On this site in 1754, one of the earliest settlements on the Georgia frontier was founded by Edmund Grey. The Quaker village was named Brandon and the lands were still legally in the hands of Native Americans. After the Treaty of Augusta in 1768, the land was opened to European settlement and 40,000 acres were granted to Joseph Mattock and Jonathan Sell by Royal Governor James Wright. The town of Wrightsboro grew around this area. In 1799, a Wrightsboro Friends Meeting House open to all denominations was built here, and by 1805, the Quakers were gone. The Friends Meeting House was lost to fire in the first decade of the 19th century and this replacement was built in 1810. It became the Wrightsboro Methodist Episcopal Church South in 1837. In 1966, the congregation dwindled to the point that services were no longer practical and McDuffie County became the caretakers of the property.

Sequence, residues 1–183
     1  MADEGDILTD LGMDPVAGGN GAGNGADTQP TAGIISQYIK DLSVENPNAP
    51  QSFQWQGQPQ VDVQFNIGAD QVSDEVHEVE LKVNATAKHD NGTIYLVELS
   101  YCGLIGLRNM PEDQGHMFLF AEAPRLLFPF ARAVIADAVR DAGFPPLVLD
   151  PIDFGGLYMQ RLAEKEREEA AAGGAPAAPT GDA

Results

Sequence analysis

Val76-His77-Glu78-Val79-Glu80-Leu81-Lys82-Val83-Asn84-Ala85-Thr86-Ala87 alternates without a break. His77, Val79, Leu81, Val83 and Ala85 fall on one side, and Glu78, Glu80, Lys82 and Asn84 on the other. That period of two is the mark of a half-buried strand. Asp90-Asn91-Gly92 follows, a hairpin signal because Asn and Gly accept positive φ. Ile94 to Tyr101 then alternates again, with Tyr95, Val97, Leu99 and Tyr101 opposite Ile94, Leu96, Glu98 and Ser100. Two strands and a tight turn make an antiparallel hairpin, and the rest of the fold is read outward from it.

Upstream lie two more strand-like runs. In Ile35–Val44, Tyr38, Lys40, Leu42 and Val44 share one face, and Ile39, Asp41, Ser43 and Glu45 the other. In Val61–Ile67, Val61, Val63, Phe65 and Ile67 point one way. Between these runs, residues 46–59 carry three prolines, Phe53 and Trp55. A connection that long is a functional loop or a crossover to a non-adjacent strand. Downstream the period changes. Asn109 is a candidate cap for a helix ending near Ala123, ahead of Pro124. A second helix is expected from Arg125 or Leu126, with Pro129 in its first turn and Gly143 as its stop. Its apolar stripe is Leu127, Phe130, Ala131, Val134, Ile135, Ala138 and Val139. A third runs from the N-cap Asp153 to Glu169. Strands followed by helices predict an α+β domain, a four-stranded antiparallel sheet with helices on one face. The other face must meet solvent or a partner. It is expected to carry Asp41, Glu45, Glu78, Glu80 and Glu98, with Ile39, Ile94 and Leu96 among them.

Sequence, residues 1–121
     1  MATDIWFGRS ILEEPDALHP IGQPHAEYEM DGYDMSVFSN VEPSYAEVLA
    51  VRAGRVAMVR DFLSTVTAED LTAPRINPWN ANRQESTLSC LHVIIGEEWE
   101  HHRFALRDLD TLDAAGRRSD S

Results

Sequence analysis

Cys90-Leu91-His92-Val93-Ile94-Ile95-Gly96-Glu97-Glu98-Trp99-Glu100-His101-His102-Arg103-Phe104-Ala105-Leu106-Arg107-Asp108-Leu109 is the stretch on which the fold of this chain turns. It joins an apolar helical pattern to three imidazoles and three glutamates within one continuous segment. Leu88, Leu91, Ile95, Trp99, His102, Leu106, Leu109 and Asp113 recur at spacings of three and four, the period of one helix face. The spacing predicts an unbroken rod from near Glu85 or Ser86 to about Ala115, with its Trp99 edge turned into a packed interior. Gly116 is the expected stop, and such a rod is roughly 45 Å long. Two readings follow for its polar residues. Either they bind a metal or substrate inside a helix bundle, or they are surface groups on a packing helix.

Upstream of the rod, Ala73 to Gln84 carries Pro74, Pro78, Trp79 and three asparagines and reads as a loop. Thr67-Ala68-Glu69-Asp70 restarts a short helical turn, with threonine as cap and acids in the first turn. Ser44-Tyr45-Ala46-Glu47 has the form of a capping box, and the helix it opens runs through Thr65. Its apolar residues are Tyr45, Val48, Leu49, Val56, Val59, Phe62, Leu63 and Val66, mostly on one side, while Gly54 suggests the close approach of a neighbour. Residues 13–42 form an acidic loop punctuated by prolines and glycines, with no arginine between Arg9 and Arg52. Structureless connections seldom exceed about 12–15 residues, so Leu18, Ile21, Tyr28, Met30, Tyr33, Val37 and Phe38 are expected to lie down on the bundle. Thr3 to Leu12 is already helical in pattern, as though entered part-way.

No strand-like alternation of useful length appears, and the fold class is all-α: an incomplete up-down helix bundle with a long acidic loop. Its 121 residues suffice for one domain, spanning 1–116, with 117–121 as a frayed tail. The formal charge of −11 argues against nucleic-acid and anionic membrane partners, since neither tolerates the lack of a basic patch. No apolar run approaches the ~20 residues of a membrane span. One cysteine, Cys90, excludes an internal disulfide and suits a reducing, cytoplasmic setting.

The adjacent cemetery is among the most historic in this section of Georgia, with burials dating as far back as 1800. Historians posit that this was likely the village cemetery, as well, since the present church was located at the center of the Quaker community.
Wrightsboro Historic District, National Register of Historic Places